How to make Chinese pork buns

Apr 14, 2020

A 250-year-old recipe from the birthplace of Chinese buns.

Pork buns can be found everywhere in China. They’re a mainstay of Chinese cuisine, made in varieties such as delicate soup dumplings in Shanghai and baked roast pork buns in Hong Kong.

(Read more: An illustrated compendium of Chinese baos)

But buns—or bao 包 in Chinese—are especially prolific in the north, where they’re eaten every day. The coastal city of Tianjin is said to be the birthplace of bao. Here, there are legacy chains going back generations, and chefs who tout recipes that supposedly date back to the Qing Dynasty.

(Read more: Why does northern China eat so many buns?)

Every restaurant does bao its own way, but in general, they’re stuffed with fat chunks of pork and wrapped with slightly leavened skins. The ratio of wheat to meat is just right.

Tianjin pork buns are a cross between Shanghai soup dumplings and Cantonese char siu buns. They retain the moisture of a soup dumpling, but have a soft pillowy skin that’s substantial and filling.

Here’s a recipe we got from Tong Yi Cheng, a legacy bao shop that’s been around since 1776.




For the skin

  • 4 cups of all-purpose flour
  • 1 cup of water
  • 1 tablespoon of yeast


For the filling

  • 500 grams of minced pork with fat
  • 100 grams of chopped spring onion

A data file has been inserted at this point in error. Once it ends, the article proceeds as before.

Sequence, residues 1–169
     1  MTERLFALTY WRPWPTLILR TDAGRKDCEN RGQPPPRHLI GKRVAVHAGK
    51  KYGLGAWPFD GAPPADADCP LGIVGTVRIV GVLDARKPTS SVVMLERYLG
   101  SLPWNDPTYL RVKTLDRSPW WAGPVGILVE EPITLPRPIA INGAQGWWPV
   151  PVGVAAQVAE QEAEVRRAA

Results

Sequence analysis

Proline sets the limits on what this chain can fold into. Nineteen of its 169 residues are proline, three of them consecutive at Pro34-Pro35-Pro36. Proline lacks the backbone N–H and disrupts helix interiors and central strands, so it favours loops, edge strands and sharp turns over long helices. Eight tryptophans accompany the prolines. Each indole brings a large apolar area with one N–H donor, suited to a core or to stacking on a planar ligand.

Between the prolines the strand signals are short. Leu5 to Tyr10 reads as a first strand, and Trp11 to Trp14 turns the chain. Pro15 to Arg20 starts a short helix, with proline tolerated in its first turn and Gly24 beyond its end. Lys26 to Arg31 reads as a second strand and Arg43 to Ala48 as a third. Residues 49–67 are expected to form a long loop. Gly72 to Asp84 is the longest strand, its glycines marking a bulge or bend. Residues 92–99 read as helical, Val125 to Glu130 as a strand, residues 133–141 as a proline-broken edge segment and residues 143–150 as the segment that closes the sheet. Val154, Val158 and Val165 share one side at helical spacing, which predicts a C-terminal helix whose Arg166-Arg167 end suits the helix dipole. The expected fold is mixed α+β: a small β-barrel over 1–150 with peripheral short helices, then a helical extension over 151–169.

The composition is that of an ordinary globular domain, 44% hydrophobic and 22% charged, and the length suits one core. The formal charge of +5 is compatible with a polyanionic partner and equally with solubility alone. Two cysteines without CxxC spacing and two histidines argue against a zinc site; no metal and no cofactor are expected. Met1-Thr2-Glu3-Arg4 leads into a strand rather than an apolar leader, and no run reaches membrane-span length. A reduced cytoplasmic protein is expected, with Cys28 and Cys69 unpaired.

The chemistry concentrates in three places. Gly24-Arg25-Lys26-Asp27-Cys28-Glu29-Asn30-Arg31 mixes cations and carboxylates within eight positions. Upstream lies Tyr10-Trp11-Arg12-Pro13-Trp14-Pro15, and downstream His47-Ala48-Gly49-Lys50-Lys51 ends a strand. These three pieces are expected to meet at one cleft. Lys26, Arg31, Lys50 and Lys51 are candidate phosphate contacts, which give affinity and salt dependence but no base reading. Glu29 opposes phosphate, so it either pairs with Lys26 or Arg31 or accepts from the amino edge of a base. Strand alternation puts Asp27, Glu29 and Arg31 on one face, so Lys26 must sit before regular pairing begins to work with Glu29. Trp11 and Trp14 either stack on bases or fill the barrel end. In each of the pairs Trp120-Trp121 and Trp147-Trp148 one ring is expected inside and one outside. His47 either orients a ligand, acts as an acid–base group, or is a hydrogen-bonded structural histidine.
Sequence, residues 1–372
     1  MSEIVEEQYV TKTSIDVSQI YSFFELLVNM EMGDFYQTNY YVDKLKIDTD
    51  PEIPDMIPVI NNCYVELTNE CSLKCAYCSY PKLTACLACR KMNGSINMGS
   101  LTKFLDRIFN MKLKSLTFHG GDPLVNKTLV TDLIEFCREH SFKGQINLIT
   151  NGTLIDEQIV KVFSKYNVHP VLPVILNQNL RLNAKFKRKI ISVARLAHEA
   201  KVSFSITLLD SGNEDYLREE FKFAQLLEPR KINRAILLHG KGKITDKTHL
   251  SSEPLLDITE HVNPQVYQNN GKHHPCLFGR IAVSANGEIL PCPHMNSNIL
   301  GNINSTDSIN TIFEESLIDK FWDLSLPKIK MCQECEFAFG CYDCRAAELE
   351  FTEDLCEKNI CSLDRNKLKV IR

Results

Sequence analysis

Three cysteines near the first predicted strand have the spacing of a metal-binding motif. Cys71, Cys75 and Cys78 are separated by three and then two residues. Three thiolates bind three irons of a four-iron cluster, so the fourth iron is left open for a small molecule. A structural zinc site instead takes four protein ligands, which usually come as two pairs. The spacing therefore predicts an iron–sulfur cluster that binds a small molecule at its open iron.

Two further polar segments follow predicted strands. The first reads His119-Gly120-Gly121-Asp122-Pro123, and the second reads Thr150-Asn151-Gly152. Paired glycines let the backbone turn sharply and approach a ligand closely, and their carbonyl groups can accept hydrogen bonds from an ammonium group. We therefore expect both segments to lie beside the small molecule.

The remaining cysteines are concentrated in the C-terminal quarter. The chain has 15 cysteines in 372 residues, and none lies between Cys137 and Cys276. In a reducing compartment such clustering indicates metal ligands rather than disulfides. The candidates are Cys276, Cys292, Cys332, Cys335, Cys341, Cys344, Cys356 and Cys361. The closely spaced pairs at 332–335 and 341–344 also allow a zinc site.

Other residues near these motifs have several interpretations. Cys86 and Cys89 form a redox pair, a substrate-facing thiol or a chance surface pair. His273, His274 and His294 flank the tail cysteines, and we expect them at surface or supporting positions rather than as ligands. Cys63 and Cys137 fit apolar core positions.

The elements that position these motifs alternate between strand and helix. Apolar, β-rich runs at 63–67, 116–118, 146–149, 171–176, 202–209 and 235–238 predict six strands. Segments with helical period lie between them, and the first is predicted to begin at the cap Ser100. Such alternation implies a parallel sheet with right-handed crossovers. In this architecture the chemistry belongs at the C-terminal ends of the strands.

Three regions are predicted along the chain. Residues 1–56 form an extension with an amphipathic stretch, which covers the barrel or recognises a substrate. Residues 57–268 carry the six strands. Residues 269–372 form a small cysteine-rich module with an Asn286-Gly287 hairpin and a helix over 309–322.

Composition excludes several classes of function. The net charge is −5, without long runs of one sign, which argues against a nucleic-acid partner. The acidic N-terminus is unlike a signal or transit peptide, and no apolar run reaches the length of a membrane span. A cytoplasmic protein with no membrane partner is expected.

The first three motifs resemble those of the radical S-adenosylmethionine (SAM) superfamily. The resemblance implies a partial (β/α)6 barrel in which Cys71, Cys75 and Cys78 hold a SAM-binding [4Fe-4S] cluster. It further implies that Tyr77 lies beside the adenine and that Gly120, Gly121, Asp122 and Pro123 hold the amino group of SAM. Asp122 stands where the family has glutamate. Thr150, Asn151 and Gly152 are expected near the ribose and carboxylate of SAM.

• 40 grams of minced ginger
  • 2 tablespoons of light soy sauce
  • 2 teaspoons of dark sauce sauce
  • 3 tablespoons of sesame oil
  • 2 tablespoons of yellow cooking wine
  • 1 tablespoons of canola oil
  • ¼ cup of water


  1. For the filling, combine all the ingredients and stir until evenly mixed. Freeze the filling for at least two hours, preferably overnight, before wrapping.
  2. For the skin, combine flour, water, and yeast. Mix until the dough is smooth, and then feed it through a pasta machine, or continue kneading until the exterior is glossy. Wrap the dough in plastic and let it rest for two hours.
  3. Cut the dough into thick two-inch slices. Roll out with a small rolling pin to ensure the skin has even thickness.
  4. Put in a spoonful of filling. Rule of thumb: the ideal ratio is 22 grams of wheat to 18 grams of filling.
  5. Pinch the tops together, and pleat the dough together.
  6. Steam the baos for four to five minutes and enjoy.
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Host and Producer: Clarissa Wei

Videographer: Nicholas Ko

Editor: Hanley Chu

Mastering: Victor Peña